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Vaccinations aren’t only for babies and toddlers according to a strict schedule, booster doses, eta! Adults need them too. Depending on your circumstances, your age, health history, childhood vaccinations, occupation and travel plans, you may be advised to have certain immunization shots. Here’s a handy guide. 

Immunization helps the body to fight off certain disease-causing bacteria or viruses. There are two kinds — active and passive — which offer protection —not only for baby but for you.

In active immunization vaccines (or toxoids) are used to help prevent infection by stimulating the body’s natural defense mechanisms. They are a suspension of either non-infectious fragments of bacteria or viruses or entire forms of these organisms that have been weakened so that they do not cause infections. 

Description: Immunization helps the body to fight off certain disease-causing bacteria or viruses.

Immunization helps the body to fight off certain disease-causing bacteria or viruses.

The body’s immune system responds to a vaccine by producing substances (such as anti and white blood cells) that go on high alert and attack the specific intruder, contained in the vaccines. What happens is that these antibodies and other substances are then automatically produced whenever you are later exposed to the self same baddies. The process of injecting the vaccine is called vaccination.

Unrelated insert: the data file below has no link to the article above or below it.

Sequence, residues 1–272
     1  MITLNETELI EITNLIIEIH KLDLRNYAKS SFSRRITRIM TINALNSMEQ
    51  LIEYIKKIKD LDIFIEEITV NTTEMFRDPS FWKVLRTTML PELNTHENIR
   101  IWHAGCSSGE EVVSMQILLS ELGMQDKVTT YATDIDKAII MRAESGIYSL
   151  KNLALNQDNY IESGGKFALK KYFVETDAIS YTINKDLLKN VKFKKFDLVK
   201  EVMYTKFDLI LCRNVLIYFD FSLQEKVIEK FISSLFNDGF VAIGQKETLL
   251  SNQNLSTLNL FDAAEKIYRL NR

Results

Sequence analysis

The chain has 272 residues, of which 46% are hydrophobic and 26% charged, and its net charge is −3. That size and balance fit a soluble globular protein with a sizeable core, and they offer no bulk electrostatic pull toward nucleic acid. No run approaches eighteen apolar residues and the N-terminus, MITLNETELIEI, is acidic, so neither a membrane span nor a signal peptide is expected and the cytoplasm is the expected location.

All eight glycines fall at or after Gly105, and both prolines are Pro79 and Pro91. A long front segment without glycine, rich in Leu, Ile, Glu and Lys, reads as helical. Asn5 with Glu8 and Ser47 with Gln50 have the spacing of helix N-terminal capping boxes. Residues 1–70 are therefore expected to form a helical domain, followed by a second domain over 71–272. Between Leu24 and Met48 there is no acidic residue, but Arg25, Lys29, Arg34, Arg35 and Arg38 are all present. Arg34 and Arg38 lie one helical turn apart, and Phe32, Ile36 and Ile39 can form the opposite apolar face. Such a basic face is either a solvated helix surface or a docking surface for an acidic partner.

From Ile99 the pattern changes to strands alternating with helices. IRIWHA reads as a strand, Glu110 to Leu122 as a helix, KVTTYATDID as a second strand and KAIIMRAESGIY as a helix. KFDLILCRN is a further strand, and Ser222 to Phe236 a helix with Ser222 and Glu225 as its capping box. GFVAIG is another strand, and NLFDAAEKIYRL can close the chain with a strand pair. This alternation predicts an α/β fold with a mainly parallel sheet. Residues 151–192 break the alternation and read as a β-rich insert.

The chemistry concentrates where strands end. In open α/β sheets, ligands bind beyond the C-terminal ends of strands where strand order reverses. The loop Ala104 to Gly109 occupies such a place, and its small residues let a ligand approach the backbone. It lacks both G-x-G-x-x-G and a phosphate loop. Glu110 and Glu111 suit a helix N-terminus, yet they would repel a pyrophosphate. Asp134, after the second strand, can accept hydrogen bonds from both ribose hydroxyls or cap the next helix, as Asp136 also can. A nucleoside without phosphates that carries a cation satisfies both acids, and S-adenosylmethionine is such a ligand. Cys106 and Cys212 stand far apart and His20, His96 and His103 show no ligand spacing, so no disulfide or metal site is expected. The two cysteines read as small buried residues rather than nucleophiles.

In passive immunization antibodies against a specific infectious organism are given directly to you if your immune system doesn’t respond adequately to an infection or if you acquire an infection before you can be vaccinated. 

For example, Rustom B. was bitten by a stray dog and needed an anti-rabies shot and Reena had her foot run over by a hand cart and took an anti-tetanus injection. 

Passive immunization can also be used to prevent disease when exposure is likely and you do not have time to get or complete a vaccination series. This could be gamma globulin (an antibody preparation) to help prevent hepatitis when there is a patient in the family suffering from the ailment. 

Passive immunization lasts for only a few days or weeks, until the body eliminates the injected antibodies.

Description: The process of injecting the vaccine is called vaccination.

The process of injecting the vaccine is called vaccination.

Vaccines and toxoids are available to immunize against many deadly infections including chicken pox, cholera, diphtheria, hepatitis A + B, influenza, measles, mumps, plague, polio, rabies, typhoid, typhus, whooping cough, yellow fever.

Small pox, a once deadly infectious disease, has been eradicated world-wide through immunization. However because the vaccine’s protective effect wears off after about 10 years and fears about the possible use of small pox by terrorists, health authorities in the West have suggested that the vaccine be resumed. 

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